“I’ll sleep when I’m dead.”
“No rest for the wicked!”
“I’ll take a break when things slow down…”
Sound familiar? If so, it’s likely something you or someone you know said before entering a stage of burnout. Rest is so important! It provides our bodies and minds the much-needed time to recharge.
Get Enough Sleep
Some people have circadian rhythms that only need a handful of hours of sleep each day. That is the exception, not the rule, and the chance of you being one of them is extremely slim. The CDC states that adults need at least 7 hours of sleep per night. In addition to higher levels of anxiety and depression, insufficient sleep is linked to chronic illnesses like diabetes and cardiovascular disease.
Prioritize Your Night’s Sleep
Setting boundaries in your work life and personal life is hard, but necessary. Prioritize your night’s sleep. If you are consistently getting less than 7 hours of sleep, chances are you won’t be as effective of a worker (or, in my case anyway, as effective of a human being). Stop working at least 8-9 hours before you need to wake up the next day. Aim to be screen-free for the last 30-60 minutes before bed to improve your quality of sleep.
Naps are Underrated
Why did naps have to stop in kindergarten? They shouldn’t be just for toddlers. Studies show that naps can improve mood, memory, and cognitive function. Most adults should aim for 20 minutes, but not longer than 30 minutes to avoid reaching deeper levels of the sleep cycle and waking up groggy.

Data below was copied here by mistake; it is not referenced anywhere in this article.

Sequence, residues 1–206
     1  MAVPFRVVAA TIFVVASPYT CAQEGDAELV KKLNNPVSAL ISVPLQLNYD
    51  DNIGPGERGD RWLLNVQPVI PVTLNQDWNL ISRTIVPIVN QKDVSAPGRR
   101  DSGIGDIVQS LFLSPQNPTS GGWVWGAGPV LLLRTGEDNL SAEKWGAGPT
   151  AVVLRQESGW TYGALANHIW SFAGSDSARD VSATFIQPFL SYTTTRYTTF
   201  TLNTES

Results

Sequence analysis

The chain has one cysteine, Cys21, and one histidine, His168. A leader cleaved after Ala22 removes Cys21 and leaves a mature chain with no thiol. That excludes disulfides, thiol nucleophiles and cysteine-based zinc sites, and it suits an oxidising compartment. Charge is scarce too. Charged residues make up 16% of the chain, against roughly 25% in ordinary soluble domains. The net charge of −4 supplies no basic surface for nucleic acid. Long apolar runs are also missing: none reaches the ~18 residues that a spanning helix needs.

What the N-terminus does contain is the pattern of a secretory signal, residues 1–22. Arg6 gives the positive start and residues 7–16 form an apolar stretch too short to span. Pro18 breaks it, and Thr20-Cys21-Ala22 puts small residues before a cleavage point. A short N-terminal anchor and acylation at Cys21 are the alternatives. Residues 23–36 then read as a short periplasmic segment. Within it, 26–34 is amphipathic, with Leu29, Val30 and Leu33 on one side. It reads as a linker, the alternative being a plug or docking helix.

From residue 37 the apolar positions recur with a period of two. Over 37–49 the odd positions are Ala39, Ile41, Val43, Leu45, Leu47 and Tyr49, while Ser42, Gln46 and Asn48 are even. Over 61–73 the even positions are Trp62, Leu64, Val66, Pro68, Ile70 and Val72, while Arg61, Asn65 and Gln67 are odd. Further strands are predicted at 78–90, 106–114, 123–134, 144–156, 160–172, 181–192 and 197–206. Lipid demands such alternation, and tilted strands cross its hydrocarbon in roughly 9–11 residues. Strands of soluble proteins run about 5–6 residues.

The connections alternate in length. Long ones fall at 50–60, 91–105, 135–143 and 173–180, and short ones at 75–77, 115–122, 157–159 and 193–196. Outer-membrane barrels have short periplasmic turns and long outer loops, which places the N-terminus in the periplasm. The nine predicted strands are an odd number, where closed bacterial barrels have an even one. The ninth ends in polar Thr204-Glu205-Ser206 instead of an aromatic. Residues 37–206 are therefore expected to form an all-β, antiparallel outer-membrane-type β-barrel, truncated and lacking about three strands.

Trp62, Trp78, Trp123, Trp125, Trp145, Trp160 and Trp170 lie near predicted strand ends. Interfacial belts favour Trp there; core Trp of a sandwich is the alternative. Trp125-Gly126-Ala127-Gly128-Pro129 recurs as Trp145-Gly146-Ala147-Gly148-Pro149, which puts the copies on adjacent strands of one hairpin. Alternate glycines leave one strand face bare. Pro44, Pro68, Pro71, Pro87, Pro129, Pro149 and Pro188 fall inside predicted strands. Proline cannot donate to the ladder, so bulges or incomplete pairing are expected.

Rest Your Eyes and Ears
Many of us are incessantly bombarded with stimuli. Make sure to give your eyes and your ears a break to help with strain and fatigue.
Eyes: The 20-20-20 Rule
This is something I’ve been told by eye doctors to help those of us who spend most of the day staring at a computer screen. Every 20 minutes, stare 20 feet away for 20 seconds. This will help prevent eye strain and maintain healthier eyes. If you aren’t seated near a window and don’t have 20 feet of space in front of you, spent 20 seconds moving your eyes around the room.
Ears: Silence is Golden
I had a therapist once tell me that she was practicing driving in the car without any kind of music as a way to be more mindful. I tried it myself, and drove the entire way home with no music or podcasts. It was surprisingly peaceful, almost meditative. Now, I make an effort to simply sit alone with my thoughts without any background noise.
Also, less of a mental health rule and more as a general rule for ear health, doctors recommend listening to headphones at 60% or less volume for 60 minutes or less per day.
Take Your Midday Break
Regain some energy, improve concentration, and reduce your stress with a midday break. There is abundant evidence that taking breaks from work has a positive impact on your well-being. Try to stop eating lunch while working at your desk. If you find yourself losing track of time, schedule a “meeting” so that you receive a reminder to take a 30-60 minute break in the middle of your day.
Structuring your day with the help of time batching is a wonderful way to consciously schedule breaks into your day, helping you become more productive while reducing the likelihood of burnout.